SHARON DOLEV, Middle East Treaty Organization, noting that the chances of reaching a final document at the Review Conference are slim, said that, in 1995, States parties adopted a resolution on a nuclear-weapons-free zone in the Middle East.  Israel, the sole possessor of these weapons and non-signatory to the Treaty, meant that this pledge was made in bad faith.  In 2018, the General Assembly entrusted the Secretary-General with its establishment, on the basis of an arrangement freely arrived at by States in the region.  The first session of this conference resulted in a consensus political declaration, fostering confidence in disarmament processes and reflecting the commitment to reach an accord through a participatory approach.  Noting that the second conference was held in 2021, she said the intersessional meetings are ongoing under the auspices of the United Nations Office for Disarmament Affairs.  She cautioned against measures that would hamper these efforts and urged all States Parties to recognize that these efforts are historic.  “There is goodwill in the room in the United Nations conference on the zone,” she assured, underscoring the imperative that a constructive atmosphere be maintained.  All States parties, when discussing the 1995 resolution, must acknowledge that the zone is already being implemented through the United Nations conference on the zone.  The mere existence of this conversation means that disarmament in the Middle East has already begun, she said, likewise calling on all States to support efforts to revive the Joint Comprehensive Plan of Action, pointing to the “irresponsible” United States decision, which compromised one of the most comprehensive nuclear deals in history.  “All we need is goodwill,” she said.  “The rest is just details.”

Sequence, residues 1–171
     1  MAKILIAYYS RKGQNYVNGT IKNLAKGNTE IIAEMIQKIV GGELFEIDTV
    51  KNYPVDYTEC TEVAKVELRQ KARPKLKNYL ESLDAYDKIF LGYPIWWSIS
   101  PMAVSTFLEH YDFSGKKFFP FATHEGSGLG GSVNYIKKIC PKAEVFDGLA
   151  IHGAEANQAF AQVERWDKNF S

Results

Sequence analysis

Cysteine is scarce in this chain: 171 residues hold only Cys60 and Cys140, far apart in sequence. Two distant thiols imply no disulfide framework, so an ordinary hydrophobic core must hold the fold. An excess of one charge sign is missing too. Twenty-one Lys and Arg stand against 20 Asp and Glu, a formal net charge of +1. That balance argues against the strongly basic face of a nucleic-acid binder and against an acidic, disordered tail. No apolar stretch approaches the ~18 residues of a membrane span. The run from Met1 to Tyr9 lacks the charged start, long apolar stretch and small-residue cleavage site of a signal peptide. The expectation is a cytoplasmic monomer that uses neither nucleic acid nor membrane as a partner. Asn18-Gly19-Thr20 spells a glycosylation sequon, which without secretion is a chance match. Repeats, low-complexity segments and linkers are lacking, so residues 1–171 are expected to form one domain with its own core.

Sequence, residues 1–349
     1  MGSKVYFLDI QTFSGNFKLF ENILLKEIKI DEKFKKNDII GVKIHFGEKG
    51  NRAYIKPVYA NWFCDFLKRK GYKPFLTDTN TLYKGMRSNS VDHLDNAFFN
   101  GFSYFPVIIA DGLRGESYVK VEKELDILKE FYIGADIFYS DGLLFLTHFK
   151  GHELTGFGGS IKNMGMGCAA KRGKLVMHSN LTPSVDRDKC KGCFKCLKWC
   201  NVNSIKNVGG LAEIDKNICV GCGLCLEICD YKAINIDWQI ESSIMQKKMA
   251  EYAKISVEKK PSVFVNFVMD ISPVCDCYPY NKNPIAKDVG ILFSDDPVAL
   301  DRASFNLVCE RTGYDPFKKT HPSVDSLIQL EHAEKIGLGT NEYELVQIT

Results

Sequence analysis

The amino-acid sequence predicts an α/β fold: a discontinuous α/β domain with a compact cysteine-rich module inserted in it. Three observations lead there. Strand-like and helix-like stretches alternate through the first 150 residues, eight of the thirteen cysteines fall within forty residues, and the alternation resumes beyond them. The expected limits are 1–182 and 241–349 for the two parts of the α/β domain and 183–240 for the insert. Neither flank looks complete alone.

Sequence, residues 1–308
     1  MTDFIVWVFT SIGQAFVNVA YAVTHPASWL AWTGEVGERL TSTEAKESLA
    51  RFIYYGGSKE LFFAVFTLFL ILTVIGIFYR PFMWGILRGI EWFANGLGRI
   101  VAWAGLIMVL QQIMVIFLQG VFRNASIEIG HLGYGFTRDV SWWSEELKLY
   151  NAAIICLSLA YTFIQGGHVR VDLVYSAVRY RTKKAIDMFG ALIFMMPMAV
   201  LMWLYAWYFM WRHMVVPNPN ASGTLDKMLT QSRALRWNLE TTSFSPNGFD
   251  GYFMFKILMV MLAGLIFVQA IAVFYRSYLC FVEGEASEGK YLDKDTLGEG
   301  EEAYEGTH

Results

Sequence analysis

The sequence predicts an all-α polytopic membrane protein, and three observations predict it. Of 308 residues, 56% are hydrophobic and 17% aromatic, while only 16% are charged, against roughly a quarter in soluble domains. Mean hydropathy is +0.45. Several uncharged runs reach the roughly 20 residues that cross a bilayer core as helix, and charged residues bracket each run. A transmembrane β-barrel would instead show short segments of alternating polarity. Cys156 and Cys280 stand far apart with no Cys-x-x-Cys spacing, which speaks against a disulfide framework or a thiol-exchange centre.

EMILIE MCGLONE, People’s Solidarity for Participatory Democracy and Peace Boat, noted the Korean Peninsula, where war has been ongoing for 70 years, is located in the middle of the nuclear crisis, with military tensions increasing significantly.  While some argue that the peace process there has failed, she stressed that serious negotiations and efforts are yet to be made.  Since the Democratic People’s Republic of Korea announced a moratorium on nuclear and intercontinental ballistic missile tests in 2018, the Republic of Korea and United States have not taken suitable countermeasures to improve hostile relations and resolve security threats — one of the reasons for the loss of momentum in negotiations, and why Pyongyang cannot be solely blamed.  Seoul and Washington, D.C. are planning to expand joint military exercises, which will again lead to the unfortunate consequence of driving the Democratic People’s Republic of Korea’s nuclear and missile tests.  She noted the United States, a nuclear-weapon State, has not adopted the principles of no-first use and sole purpose.  “We do not have much time,” she stressed, calling for a quick turn of the current military confrontation into a phase of dialogue and negotiation.  She recalled that the United States is the strongest military power in the world, and the Republic of Korea spends more than 1.5 times the Democratic People’s Republic of Korea’s total gross domestic product (GDP) on military spending alone.  Those two States should take pre-emptive measures like suspension of joint military exercises to reduce military threats and create conditions to open dialogue.  The policy to make Pyongyang give up its nuclear weapons through sanctions and military pressure has failed for the past two decades, she noted, calling for peace negotiations to begin, concluding with the improved relations and denuclearization of the Korean Peninsula.